Messaging platforms have been in even greater demand in recent months, and it’s likely that you’re using one of them, and it may be WhatsApp. All platforms have been working hard to improve their services, and WhatsApp is no exception.
The world’s leading messaging platform now has 8-person video calls, “while QR contact codes, encrypted cloud backups and multi-device access are in beta or test,” Zak Doffman reports at Forbes, and more functions are being added. However, he adds, it is not all good news.
WhatsApp’s Achilles Heel
As he says, with the exception of multi-device access and encrypted backups, both of which are crucial, none of the rest are game-changers. However, what Doffman has witnessed in recent weeks during the protests across U.S. cities, is that hordes of users are abandoning WhatsApp due to an Achilles Heel in the system — Metadata.
As you’ll know from using the service, messages are end-to-end encrypted. Doffman says: “The stories you occasionally read about hackers attempting to access WhatsApp accounts relate to endpoint compromise, the vulnerability is your phone where you store your decrypted messages, not WhatsApp itself.”
But, the data around your messages is NOT encrypted. This data includes who you message, when and how often. This data can be recorded and law enforcement can access it, if it is provided to them. It is important to remember that the messages and attachments you send or receive can’t be accessed until it’s decrypted on a recipient device, but information about the sender can.
Therefore, that metadata is a powerful data source, enabling patterns to be drawn, joining links and mapping networks, which is why protesters are leaving it for the security-first alternative Signal: “Other than registering when you first installed and last accessed its platform, Signal doesn’t know anything about you or your contacts.”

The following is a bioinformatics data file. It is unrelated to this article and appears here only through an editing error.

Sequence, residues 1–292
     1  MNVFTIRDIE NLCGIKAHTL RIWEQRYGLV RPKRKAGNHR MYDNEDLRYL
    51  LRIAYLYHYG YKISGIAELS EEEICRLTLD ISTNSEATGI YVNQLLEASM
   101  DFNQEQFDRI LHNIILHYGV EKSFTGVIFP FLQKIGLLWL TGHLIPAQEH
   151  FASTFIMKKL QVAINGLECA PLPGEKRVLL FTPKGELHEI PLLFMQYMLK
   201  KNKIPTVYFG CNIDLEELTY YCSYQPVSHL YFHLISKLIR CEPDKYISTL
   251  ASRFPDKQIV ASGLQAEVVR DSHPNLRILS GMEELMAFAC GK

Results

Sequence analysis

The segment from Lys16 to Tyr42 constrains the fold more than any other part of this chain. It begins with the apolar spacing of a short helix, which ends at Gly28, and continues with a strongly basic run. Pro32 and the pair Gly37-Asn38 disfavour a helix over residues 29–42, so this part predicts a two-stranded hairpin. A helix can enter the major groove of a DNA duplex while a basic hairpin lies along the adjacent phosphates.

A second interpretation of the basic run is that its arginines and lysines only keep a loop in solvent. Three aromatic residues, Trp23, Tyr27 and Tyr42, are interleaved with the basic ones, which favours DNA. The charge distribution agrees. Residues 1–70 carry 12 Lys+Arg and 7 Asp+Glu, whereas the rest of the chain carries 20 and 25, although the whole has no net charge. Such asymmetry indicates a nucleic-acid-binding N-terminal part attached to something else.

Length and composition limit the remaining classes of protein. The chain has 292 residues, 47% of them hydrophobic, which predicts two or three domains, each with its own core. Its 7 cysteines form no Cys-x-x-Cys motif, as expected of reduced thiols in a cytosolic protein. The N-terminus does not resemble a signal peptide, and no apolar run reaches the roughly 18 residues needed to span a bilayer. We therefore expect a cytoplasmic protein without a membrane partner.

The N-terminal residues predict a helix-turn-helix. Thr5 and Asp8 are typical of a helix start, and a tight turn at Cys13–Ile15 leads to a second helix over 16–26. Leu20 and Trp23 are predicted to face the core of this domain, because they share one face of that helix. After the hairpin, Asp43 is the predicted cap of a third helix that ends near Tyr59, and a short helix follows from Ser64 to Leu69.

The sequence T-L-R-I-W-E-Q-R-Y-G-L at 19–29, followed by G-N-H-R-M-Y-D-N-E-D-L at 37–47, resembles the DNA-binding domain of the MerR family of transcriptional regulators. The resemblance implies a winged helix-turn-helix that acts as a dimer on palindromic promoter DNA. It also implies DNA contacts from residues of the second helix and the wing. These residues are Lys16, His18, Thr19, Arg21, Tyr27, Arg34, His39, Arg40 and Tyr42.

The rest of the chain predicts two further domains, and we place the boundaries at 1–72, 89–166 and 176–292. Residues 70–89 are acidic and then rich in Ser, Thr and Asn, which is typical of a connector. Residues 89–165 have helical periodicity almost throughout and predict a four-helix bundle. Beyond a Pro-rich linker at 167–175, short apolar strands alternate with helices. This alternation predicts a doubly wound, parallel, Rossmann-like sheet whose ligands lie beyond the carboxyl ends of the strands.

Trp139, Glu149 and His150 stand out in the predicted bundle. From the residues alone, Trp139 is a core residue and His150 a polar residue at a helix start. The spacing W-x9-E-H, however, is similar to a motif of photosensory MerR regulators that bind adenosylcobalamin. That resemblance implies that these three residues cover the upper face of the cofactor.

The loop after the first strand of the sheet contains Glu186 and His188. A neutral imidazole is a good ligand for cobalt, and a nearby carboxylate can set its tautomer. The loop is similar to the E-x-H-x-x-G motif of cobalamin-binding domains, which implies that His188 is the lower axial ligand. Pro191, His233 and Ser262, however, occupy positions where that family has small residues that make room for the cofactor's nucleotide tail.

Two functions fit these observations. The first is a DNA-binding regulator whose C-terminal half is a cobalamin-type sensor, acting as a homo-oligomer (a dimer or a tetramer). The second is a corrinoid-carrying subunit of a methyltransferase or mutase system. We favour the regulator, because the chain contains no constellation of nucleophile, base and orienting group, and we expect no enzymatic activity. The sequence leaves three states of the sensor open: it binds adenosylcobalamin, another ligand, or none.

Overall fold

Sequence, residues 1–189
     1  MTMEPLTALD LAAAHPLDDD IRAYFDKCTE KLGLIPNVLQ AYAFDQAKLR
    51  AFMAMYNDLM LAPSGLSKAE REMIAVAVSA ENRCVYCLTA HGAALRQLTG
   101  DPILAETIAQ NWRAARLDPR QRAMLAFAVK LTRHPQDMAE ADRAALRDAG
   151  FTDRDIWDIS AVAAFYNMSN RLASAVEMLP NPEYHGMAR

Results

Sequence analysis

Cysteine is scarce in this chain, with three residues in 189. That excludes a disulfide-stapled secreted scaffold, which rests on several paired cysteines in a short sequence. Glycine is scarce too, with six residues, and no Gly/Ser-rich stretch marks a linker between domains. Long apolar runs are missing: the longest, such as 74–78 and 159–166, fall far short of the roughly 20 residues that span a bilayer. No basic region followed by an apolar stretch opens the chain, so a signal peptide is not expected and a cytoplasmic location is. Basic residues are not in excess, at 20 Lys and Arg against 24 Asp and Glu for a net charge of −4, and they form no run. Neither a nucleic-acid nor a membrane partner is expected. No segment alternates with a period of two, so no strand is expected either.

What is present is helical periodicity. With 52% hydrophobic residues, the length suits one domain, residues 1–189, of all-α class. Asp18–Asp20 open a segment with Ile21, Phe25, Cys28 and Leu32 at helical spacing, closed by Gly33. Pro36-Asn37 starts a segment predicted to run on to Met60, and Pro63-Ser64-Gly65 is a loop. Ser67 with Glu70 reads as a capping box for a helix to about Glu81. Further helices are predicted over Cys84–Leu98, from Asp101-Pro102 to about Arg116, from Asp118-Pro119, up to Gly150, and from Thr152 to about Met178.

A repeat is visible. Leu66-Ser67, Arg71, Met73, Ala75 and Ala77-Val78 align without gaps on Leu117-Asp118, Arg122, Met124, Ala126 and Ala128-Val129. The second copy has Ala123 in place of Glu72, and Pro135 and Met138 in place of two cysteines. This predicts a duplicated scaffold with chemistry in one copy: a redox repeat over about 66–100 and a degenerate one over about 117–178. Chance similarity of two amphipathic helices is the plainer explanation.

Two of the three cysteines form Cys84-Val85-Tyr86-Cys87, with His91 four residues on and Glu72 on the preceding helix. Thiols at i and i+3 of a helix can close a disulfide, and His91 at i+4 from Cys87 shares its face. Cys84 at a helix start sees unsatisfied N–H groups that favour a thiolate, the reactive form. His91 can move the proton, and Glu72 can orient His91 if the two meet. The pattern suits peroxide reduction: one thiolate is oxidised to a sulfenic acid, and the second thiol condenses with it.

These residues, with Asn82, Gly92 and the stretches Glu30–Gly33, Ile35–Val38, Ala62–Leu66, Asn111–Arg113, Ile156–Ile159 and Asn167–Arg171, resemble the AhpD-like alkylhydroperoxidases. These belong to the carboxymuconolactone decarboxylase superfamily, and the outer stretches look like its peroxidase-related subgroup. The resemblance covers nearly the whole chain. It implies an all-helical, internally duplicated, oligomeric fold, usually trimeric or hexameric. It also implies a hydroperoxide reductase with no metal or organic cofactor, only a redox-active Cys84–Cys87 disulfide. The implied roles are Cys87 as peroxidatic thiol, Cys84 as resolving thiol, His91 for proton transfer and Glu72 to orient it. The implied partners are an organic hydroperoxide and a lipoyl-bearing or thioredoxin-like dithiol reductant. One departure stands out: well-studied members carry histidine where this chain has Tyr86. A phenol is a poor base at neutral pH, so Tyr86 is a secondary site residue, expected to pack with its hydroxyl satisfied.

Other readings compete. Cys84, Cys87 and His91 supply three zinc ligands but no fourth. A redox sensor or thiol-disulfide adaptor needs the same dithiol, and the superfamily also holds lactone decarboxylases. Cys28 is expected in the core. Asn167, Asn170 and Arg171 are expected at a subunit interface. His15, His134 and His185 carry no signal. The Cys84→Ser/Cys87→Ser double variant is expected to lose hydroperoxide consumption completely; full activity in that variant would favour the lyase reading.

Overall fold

The importance of metadata in 2020
WhatsApp is owned by Facebook and that is a concern for many, as its reputation for handling data is hardly squeaky clean. Furthermore, concerns that Facebook might use the data commercially are even more heightened now.
There is another reason the metadata is going to be an issue this year. Doffman writes: “Starting with Messenger, Facebook is looking at metadata as a possible defense against mandated backdoors in its encryption to flag child endangerment — adults messaging minors, for example.”
Facebook claims its new protections are designed to work with encryption, but there are question about this, such as what is known about both sides of a message exchange.
The EARN-IT Bill
The EARN-IT Bill proposes to make the messaging platforms responsible for the content sent, which is a major threat to end-to-end encryption. What is more messaging platforms may be punished in some way if they “can’t flag criminal or dangerous content.” Basically, it is a threat to the integrity of encryption.
So, back to WhatsApp. There are no signs that its metadata issue is going to be fixed, even if end-to-end encrypted backups are now available. The big concern is that Facebook will eventually want to monetise WhatsApp with some form of advertising, and that means using the metadata, so they are unlikely to change it.
Messaging encryption was being closely looked at before the protests — but now it has become even more important, and more people will be looking at exactly how each platform works and if it sufficiently protects their data.